The world's elderly population is booming. The number of older people - those age 60 years or older - is expected to more than double by 2050 and is growing faster than all younger age groups across the globe. This trend comes with an increasing demand for caregivers capable of providing 24-hour care, not only at hospitals or nursing homes, but also at private homes and apartments.
Purdue researchers have developed a new design method that will enable anyone to quickly design and fabricate soft robots using a 3D printer.
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Already, caregiving robots are programmed to ask questions a nurse would ask and can monitor patients for falls. These robotic assistants are expected to become increasingly marketable and reach 450,000 by 2045 because of the expected caregiver shortage in the United States.
"Unfortunately, the external hard structure of current caregiving robots prevents them from a safe human-robot interaction, limiting their assistance to mere social interaction and not physical interaction," said Ramses Martinez, an assistant professor in the School of Industrial Engineering and in the Weldon School of Biomedical Engineering in Purdue's College of Engineering. "After all, would you leave babies or physically or cognitively impaired old people in the hands of a robot?"
Recent advances in material science have enabled the fabrication of robots with deformable bodies or the ability to reshape when touched, but the complex design, fabrication, and control of soft robots currently hinders the commercialization of this technology and its use for at-home applications.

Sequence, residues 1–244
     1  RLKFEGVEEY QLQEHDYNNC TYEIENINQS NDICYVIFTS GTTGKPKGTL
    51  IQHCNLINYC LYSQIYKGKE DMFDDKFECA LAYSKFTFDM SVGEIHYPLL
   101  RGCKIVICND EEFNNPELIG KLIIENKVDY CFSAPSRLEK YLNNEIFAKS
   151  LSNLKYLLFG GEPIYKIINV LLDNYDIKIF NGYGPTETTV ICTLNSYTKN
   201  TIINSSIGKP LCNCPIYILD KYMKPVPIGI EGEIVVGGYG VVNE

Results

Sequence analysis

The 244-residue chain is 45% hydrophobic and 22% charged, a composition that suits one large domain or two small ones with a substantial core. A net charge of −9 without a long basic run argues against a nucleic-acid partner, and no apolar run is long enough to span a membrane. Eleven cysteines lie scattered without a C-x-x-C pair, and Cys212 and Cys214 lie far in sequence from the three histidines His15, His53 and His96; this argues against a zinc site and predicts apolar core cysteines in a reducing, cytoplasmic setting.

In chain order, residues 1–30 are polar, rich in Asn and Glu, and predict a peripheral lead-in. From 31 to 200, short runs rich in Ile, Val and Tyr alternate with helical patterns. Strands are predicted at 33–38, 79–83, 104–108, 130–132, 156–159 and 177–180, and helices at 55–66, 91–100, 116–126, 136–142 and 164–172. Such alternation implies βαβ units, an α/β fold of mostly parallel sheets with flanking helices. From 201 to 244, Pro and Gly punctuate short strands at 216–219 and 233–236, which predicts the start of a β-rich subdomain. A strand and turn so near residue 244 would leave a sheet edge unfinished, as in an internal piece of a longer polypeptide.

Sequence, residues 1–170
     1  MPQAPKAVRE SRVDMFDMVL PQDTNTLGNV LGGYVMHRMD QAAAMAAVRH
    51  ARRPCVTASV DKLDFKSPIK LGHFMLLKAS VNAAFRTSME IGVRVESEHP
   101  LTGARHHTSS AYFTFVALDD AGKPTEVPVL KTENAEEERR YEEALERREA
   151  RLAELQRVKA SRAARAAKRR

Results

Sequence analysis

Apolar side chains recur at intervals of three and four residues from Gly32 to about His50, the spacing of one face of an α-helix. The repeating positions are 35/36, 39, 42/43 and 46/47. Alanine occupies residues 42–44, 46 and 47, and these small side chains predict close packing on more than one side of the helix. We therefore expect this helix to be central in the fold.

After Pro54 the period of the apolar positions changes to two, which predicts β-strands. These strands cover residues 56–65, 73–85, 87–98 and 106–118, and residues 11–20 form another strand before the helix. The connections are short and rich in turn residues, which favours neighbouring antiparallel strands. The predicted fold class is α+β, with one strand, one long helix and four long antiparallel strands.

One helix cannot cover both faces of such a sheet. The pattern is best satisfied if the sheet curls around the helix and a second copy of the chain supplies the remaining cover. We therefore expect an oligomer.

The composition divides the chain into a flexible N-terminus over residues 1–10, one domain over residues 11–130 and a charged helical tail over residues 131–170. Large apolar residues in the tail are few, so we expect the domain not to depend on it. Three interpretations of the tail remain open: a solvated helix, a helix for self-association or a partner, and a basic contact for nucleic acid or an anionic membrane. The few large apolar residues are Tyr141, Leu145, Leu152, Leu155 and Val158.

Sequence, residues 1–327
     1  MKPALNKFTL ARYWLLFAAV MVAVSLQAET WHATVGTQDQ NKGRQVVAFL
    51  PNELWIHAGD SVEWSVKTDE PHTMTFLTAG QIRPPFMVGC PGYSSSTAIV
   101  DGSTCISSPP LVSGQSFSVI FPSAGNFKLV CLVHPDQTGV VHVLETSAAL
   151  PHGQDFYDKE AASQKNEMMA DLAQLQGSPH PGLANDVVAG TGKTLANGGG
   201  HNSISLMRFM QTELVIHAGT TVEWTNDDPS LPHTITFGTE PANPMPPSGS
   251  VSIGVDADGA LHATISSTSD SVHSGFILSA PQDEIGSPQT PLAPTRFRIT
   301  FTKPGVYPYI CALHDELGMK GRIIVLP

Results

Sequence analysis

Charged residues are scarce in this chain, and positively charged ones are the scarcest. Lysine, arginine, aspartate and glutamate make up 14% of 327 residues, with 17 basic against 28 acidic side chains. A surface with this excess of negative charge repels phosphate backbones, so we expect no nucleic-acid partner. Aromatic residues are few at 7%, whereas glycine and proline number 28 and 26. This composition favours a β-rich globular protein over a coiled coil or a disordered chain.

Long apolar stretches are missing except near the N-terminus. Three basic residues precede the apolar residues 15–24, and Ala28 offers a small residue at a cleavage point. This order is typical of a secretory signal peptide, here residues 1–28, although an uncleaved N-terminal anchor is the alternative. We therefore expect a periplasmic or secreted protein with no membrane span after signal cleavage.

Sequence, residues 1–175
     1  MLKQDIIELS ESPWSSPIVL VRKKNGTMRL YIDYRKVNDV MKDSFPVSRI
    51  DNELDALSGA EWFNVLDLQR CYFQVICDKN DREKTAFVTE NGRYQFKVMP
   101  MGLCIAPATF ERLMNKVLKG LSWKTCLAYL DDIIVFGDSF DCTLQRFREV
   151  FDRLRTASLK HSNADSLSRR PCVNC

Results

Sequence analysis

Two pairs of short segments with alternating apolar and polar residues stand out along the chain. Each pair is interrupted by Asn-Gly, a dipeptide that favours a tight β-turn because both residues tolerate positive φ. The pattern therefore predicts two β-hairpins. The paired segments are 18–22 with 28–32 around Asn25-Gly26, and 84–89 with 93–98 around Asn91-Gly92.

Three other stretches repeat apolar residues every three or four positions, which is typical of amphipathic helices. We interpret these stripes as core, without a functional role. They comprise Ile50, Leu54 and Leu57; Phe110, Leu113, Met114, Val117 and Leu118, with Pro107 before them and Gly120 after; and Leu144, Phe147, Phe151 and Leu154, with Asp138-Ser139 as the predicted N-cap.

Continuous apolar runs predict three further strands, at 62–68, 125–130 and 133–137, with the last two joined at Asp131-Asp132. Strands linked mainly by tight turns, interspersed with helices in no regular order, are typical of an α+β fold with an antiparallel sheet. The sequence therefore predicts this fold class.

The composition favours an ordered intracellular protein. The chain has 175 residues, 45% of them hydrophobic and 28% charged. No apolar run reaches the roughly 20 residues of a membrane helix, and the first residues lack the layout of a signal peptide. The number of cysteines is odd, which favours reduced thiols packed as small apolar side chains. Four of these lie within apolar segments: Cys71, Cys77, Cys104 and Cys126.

Martinez and other Purdue University researchers have developed a new design method that shows promise in enabling the efficient design and fabrication of soft robots using a 3D printer. The technology is published in the April 8 edition of Advanced Functional Materials.
The design process involves three steps. First, a user makes a computer-aided design file with the shape of the robot. The user then paints the CAD file to show which directions the different joints of the soft robot will move. A fast computer algorithm takes a few seconds to convert the CAD model into a 3D architected soft machine (ASM) that can be printed using any conventional 3D printer.
The architected soft machines move like humans, except instead of muscles they rely on miniaturized motors that pull from nylon lines tied to the ends of their limbs. They can be squeezed and stretched to more than 900 percent of their original length.
"ASMs can perform complex motions such as gripping or crawling with ease, and this work constitutes a step forward toward the development of autonomous and lightweight soft robots," Martinez said. "The capability of ASMs to change their body configuration and gait to adapt to a wide variety of environments has the potential to not only improve caregiving but also disaster-response robotics."